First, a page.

• $\begingroup$ From Hagen's head. $\endgroup$ – arctic tern Aug 11 '16 at 21:15
  • $\begingroup$ I guess I understand your answer. It was confusing because I was considering only two objects. $\endgroup$ – Billy Rubina Aug 11 '16 at 22:34
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In this case, I can't have an inverse function - I'm not sure if this invalidates it being a category, but I faintly believe it does.

No. Morphisms in categories don't necessarily have inverses. For instance, the category $\mathsf{Set}$ of sets with functions for morphisms includes functions which have no inverse (i.e. non-bijections). Most categories we work with will include noninvertible morphisms ($\mathsf{Top,Ring,Grp,Mod,Pos}$ etc.).

Your "pseudoinverses" are called right-inverses (since $f\circ f_1=\mathrm{id}$ has $f_1$ on the right), or what I would call a "pre-inverse" (since one applies $f_1$ before $f$ to get the identity map). In any case, these aren't really relevant to your exercise. As is mentioned in the comments, $f^{-1}(b)$ stands for the preimage of $b$ under $f$, i.e. $\{a\in A:f(a)=b\}$, and it is defined (but possibly empty) whether or not $f$ is invertible in the category.

Simple concepts in mathematics tend to come with definitions that are a ready-made checklist of things to verify in order to confirm that the definition applies to something. So if you want to check that sets and functions with fibers bounded in size by $2$ is a category, you look at the properties in the definition of a category and check that each one is true. Does this category include the identity function for every set? Yes.

The key thing is checking that it's closed under composition. Hagen gives the simplest example of how this can fail. Consider the composition of functions $\{1,2,3,4\}\xrightarrow{g}\{a,b\}\xrightarrow{f}\{x\}$ given by

$\hskip 1.5in$ pic

As you can see, $g^{-1}(a)=\{1,2\}$, $g^{-1}(b)=\{3,4\}$ both have cardinality less than or equal to $2$, and $f^{-1}(x)=\{a,b\}$ has cardinality less than or equal to $2$, however $(f\circ g)^{-1}(x)=\{1,2,3,4\}$ has cardinality greater than $2$. This illustrates how functions with fibers bounded by $2$ in size are not closed under composition.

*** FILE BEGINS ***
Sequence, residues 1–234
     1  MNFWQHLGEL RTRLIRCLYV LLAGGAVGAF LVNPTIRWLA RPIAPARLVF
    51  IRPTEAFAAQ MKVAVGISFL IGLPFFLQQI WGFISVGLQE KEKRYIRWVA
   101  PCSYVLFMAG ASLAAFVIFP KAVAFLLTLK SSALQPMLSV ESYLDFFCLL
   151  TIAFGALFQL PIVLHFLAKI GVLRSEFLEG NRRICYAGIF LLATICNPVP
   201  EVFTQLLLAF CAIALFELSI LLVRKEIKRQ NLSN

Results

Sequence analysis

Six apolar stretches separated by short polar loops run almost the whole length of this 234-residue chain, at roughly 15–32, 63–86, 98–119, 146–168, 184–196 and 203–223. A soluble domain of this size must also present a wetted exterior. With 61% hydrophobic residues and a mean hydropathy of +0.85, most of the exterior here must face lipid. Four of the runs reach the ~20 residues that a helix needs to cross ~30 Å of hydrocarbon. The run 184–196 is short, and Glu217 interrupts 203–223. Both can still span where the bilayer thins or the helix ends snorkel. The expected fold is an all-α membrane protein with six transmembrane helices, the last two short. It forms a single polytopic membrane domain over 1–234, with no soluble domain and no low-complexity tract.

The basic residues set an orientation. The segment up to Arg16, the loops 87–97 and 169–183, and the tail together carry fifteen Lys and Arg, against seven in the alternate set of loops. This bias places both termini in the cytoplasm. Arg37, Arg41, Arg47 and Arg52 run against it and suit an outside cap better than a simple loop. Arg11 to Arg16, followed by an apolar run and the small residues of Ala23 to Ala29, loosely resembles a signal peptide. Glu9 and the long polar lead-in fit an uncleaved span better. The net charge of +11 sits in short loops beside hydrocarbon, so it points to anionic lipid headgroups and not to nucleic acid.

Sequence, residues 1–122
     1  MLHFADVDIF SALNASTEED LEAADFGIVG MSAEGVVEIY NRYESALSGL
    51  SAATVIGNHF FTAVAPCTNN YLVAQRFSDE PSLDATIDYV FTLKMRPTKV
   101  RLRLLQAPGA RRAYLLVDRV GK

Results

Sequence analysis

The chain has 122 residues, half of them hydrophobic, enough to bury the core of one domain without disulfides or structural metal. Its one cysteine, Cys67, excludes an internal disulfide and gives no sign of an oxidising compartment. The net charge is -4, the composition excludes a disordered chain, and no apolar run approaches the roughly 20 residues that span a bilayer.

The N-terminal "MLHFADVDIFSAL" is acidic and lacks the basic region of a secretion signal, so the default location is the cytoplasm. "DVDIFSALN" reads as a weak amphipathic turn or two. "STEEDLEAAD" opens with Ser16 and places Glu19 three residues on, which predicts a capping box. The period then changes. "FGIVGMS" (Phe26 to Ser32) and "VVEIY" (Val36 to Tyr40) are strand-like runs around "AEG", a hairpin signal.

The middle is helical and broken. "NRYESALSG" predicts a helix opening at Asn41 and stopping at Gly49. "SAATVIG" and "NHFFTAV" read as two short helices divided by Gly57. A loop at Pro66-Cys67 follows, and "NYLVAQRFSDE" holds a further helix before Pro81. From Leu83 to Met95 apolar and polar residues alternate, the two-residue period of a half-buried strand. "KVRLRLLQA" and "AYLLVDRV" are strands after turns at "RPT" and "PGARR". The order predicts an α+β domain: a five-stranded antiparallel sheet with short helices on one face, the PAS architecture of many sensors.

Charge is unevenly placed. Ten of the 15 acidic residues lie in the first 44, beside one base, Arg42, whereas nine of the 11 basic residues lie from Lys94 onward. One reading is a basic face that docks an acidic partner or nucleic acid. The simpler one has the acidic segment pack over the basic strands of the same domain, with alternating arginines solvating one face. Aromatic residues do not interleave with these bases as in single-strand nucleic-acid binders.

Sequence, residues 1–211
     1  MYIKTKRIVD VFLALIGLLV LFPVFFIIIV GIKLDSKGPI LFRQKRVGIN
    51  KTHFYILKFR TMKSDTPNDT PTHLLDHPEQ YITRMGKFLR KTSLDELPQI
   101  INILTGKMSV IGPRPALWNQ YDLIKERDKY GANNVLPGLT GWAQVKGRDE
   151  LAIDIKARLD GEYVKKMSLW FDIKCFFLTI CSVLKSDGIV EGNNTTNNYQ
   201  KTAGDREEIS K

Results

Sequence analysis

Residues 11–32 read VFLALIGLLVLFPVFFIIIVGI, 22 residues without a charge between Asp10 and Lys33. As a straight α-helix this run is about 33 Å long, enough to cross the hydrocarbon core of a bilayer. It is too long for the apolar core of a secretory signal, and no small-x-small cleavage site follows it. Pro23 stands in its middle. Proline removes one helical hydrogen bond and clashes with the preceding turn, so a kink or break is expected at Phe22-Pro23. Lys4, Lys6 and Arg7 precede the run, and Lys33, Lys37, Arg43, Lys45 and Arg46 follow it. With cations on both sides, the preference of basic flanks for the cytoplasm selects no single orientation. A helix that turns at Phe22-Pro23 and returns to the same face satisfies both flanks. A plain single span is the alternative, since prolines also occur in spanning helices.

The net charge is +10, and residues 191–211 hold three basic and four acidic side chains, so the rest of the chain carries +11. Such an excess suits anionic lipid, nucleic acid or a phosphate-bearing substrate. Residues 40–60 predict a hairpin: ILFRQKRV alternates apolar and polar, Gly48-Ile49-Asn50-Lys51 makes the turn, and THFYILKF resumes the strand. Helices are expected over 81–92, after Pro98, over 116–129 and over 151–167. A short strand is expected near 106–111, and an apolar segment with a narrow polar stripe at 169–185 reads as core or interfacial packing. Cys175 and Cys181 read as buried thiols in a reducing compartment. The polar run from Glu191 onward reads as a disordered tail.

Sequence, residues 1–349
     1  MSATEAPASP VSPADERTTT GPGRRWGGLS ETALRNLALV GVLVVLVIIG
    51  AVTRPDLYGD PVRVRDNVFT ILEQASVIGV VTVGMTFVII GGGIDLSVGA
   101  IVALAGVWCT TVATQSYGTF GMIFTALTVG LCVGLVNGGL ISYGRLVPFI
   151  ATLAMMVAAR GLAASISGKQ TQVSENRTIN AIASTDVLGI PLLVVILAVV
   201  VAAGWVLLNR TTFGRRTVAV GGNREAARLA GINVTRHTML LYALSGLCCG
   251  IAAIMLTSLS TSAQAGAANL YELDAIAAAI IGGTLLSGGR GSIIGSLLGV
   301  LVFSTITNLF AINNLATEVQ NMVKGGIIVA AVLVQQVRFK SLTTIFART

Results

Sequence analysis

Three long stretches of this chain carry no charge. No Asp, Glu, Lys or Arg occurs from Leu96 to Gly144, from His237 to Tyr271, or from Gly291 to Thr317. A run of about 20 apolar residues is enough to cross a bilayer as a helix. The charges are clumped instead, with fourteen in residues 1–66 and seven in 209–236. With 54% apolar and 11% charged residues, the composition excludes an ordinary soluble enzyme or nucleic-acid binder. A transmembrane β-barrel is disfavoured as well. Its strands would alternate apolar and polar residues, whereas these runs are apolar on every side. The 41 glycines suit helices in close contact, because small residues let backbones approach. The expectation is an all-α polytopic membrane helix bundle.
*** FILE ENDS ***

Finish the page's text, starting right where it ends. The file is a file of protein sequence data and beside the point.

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  • $\begingroup$ So the size of all the sets must be preserved for us to have a morphism? If yes, it's not entirely clear why is that. $\endgroup$ – Billy Rubina Aug 12 '16 at 0:48
  • $\begingroup$ @Voyska No idea what you're talking about. In order to verify "sets with functions whose fibers are bounded by $2$" is a category (well, subcategory of $\sf Set$), you would need to verify that given any two morphisms $g:X\to Y$ and $f:Y\to Z$, their composition $f\circ g:X\to Z$ is also a morphism. However, we have exhibited two functions with fibers bounded by $2$ whose composition has a fiber not bounded by $2$, which means "sets with functions whose fibers are bounded by $2$" is not closed under composition, hence not a category. $\endgroup$ – arctic tern Aug 12 '16 at 0:56
  • $\begingroup$ I kinda understand what you say. The problem is that until that point in the book, he doesn't mention fibers bounded by some $n$. I don't know if he expects the reader to know this beforehand. So with the information he gave until that point, I do not know how to decide if it is or if it is not a category. $\endgroup$ – Billy Rubina Aug 12 '16 at 1:25
  • $\begingroup$ @Voyska Yes, the author does mention fibers that are bounded in size. He just doesn't use the word "fiber" like I do. It's right there in the picture: "for all $b\in B$, the subset $f^{-1}(b)\subseteq A$ has at most two elements," i.e. all fibers are bounded in size by $2$. $\endgroup$ – arctic tern Aug 12 '16 at 2:10
  • $\begingroup$ I guess I understand it now. We must lay all the possible functions - respecting the definition of function and also the property that for each preimage, it must have two elements. If this is it, it's becoming clear now. $\endgroup$ – Billy Rubina Aug 12 '16 at 2:21